How to prepare, cook and enjoy white asparagus
We all like our food fresh, when it comes to vegetables, storage is very important. Recipes never talk about this part because they give you the ingredients and a cooking description but it is quite unlikely that you use everything you purchase in one go.
It is then also good to know that vegetables do not ‘die’ instantly after harvest, there is an ongoing metabolic activity going on in vegetables after harvest. This includes the intake of oxygen, breaking down of starches and sugars and the release of carbon dioxide, this activity is referred to as ‘respiration rate’.
Metabolic activity makes vegetables wither. They dry out with the release of moist and change color. For some vegetables the respiration rate is higher than for others. Asparagus have a very high respiration rate. At refrigeration temperatures it is about five times greater than for onions and potatoes and three times greater than for lettuce and tomatoes. Asparagus are therefore quite perishable and are best consumed within 48 hours of purchase. If you have come across some great looking asparagus and need to store them for one or two days, rap a damp cloth or wet kitchen paper around the base and give them a light vacuum. If you do not have a vacuum sealer, wrap them completely with a damp towel.
To prepare white or green asparagus you need to peel them, the skin of thick green asparagus is quite tough and the skin of white asparagus is not edible and bitter after cooking. Asparagus are brittle and when peeled when held up or in your hand, they can easily be broken.
The best way to peel asparagus is by placing them flat on a chopping board let the tip stick out of the board so you do not have to lift them. A little too much pressure during peeling is enough to break them. Cut about 1 inch from the base and hold them one by one gently by the tip between you thumb and index finger. Using a vegetable peeler carefully peel the skin, which starts just under the tip, from tip to base.
Personally I like to use a peeler as pictured because the peel does not get stuck too much in the peeler.
When you have peeled them all, place them in a flat shallow pot, add the water, butter, salt and lemon as per the recipe and cover with a piece of cloth. If you want to preserve and use the flavorful asparagus stock later, top the asparagus with the skin peel then the cloth.
Covering asparagus with a piece of cloth ensures they remain under water, asparagus float in water and to ensure even cooking the cloth keeps them below surface. Bring to a boil, when the water boils lower the heat.
Now, depending on the thickness of the asparagus, simmer for 5 to 8 minutes and if you pierce them with a small knife and they feel softened, turn of the heat and leave to stand for 20 minutes. Or until serving time, Asparagus are best kept in their own flavored stock.
The only ‘Classic’ way to eat white asparagus is with bone- ham, Hollandaise sauce and a one (1) minute boiled egg. Variations are boiled potatoes and soft boiled egg. Nice, but wrong.
Below is the most classic of classic recipes to eat white gold.
When you happen to visit a German speaking country or the South of Holland, this is how asparagus are served.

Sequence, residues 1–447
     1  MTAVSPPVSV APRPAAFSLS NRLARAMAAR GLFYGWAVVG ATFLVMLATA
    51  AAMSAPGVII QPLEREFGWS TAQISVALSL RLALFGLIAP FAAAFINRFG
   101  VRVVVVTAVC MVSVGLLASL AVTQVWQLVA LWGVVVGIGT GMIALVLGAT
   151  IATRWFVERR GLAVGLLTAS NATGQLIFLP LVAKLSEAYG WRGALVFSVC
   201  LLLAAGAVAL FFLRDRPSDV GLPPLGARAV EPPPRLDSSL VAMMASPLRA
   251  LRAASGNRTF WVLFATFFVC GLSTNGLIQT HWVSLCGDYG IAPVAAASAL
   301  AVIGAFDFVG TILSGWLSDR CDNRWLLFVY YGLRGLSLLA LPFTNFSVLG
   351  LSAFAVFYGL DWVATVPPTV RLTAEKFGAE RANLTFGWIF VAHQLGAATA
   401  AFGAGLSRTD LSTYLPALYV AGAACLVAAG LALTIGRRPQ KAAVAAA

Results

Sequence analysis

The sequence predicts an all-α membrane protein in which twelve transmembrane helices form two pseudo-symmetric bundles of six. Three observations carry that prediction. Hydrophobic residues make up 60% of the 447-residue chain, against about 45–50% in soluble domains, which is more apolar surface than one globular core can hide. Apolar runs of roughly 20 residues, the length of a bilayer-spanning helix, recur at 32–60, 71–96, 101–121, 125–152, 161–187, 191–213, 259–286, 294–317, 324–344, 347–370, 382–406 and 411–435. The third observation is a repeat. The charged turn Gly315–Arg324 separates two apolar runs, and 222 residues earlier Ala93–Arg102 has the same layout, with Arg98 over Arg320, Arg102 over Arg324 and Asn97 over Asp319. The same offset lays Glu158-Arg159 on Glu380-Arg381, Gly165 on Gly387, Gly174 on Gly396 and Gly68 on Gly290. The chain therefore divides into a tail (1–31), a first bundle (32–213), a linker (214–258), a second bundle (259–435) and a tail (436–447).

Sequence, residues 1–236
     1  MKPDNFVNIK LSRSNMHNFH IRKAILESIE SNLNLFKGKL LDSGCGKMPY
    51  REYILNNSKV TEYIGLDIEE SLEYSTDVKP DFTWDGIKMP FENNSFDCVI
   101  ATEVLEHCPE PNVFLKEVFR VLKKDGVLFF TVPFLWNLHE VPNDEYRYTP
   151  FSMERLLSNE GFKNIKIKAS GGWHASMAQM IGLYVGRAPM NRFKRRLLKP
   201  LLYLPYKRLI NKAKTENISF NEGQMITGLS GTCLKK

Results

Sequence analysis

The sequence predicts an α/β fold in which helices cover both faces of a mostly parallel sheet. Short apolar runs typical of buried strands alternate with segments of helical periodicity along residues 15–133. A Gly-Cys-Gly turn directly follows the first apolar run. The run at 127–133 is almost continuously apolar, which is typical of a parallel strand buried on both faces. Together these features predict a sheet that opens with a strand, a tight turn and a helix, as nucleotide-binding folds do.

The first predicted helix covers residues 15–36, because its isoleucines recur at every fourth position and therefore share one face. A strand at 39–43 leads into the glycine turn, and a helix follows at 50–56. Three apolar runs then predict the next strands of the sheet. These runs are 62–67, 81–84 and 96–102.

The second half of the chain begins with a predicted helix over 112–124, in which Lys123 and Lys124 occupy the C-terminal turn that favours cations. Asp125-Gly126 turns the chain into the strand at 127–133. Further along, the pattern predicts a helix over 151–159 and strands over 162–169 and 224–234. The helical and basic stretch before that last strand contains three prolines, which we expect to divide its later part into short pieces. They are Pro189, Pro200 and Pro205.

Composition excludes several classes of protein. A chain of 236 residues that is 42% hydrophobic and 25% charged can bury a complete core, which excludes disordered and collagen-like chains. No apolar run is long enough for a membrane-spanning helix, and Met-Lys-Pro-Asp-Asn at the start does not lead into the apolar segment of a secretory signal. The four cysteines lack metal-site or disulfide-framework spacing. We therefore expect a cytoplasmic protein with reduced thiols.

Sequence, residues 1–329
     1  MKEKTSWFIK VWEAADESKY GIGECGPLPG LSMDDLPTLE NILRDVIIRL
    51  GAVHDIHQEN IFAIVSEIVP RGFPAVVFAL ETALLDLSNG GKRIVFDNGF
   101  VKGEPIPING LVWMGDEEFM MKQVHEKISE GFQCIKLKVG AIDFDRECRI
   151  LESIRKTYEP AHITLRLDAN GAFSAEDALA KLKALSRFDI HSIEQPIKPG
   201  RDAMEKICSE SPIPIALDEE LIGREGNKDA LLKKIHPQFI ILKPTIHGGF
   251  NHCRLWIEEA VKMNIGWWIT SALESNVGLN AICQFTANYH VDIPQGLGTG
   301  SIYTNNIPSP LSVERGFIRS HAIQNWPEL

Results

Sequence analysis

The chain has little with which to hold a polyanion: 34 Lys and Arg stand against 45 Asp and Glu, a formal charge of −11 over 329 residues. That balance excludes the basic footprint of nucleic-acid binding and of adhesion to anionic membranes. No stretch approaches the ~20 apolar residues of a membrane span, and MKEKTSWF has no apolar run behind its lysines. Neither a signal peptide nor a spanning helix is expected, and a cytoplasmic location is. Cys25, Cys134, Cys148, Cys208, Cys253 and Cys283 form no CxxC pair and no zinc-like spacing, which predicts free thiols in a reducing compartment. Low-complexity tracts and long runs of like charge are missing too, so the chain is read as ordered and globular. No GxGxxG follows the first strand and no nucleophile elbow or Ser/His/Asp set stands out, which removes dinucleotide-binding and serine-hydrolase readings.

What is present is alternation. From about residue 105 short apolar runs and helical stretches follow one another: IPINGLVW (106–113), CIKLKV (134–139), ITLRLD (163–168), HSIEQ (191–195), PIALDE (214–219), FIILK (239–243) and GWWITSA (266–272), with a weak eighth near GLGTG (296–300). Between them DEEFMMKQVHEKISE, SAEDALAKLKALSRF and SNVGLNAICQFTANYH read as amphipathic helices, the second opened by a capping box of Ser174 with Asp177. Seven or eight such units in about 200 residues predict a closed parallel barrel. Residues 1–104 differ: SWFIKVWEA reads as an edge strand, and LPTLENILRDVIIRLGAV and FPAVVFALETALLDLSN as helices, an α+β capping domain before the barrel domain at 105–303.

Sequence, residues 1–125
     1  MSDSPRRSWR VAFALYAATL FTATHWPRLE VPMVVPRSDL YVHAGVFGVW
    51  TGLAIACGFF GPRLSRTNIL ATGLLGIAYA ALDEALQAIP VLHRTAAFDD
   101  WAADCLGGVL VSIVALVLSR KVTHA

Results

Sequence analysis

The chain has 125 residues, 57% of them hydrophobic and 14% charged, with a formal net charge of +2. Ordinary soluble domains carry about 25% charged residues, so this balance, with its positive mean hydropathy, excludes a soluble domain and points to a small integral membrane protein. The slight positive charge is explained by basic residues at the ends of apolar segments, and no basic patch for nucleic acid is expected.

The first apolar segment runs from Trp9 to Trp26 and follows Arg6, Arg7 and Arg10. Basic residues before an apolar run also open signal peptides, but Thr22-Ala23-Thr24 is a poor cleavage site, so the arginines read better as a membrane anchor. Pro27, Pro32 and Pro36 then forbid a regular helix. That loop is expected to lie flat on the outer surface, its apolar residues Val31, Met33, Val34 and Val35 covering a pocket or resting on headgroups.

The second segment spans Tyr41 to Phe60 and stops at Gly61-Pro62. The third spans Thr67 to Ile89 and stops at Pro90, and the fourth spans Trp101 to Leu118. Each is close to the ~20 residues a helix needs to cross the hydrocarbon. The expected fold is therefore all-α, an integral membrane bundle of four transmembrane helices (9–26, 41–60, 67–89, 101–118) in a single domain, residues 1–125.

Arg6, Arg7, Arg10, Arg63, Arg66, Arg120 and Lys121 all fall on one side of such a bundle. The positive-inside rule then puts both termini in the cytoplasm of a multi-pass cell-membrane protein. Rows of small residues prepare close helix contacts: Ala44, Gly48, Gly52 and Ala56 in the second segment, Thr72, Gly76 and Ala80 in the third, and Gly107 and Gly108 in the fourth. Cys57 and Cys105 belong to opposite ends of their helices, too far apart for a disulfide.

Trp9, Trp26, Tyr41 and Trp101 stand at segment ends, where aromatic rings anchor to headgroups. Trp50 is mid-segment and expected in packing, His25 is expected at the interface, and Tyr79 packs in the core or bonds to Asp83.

The recipe is for a starter size dish and serves 4
16 medium sized white asparagus
1 good tbsp. unsalted butter
1 pound bone ham (sliced)
2 tbsp white wine vinegar
- Cook the asparagus as described above, by peeling them, then place them in a shallow pot, cover with water. Add the butter, salt and lemon.
- When the asparagus are feeling soft when pierced with a small knife, about 5 to 7 minutes, turn of the heat and leave for 20 minutes or so.
- The sauce is a bit of the tricky part when you are not familiar with Hollandaise sauce.
- Melt the butter and keep aside.
- Bring a small pot of water to a simmering bowl.
- Place the egg yolks in a mixing bowl with the white wine vinegar. Make sure that the mixing bowl fits nicely on top of the bowl with simmering water.
- Start whisking the egg yolks until they become fluffy and of yoghurt thickness. This is the tricky part, if the egg yolks become too hot you may end up with scrambled eggs. When you notice that the yolks start to curdle, remove from the heat add a bit of water ½ tbsp. and continue whisking.
- When the right consistency is achieved, add the melted butter slowly, (like making mayonnaise)
- Add so much melted butter until you reach the white part on the bottom of the pan, this is the water from the butter.
- Season the sauce with a pinch of salt and keep warm.
- Prepare the eggs by placing them in a pot of cold water, bring to a boil, boil for one minute and give them a quick rinse under cold water.
- Place the ham slices on top of the asparagus and bring back to boil. This to warm the ham and will take about 2 minutes.
- Remove the ham from the asparagus. Divide the asparagus over 4 individual plates. Arrange the ham slices on the side. Tap the eggs bottom down on the kitchen sink so they stand up straight and place an egg on every plate. Top with the sauce and serve warm.
- Your guest can now chop the top of the egg and dip an asparagus in the egg.
An absolute delicious experience!
When you love your asparagus this way, here is the good news. Asparagus freeze very well when vacuumed. Buy some extra vacuum and freeze them. Raw and pre- cooked both methods work perfect.
By Marinus Hoogendoorn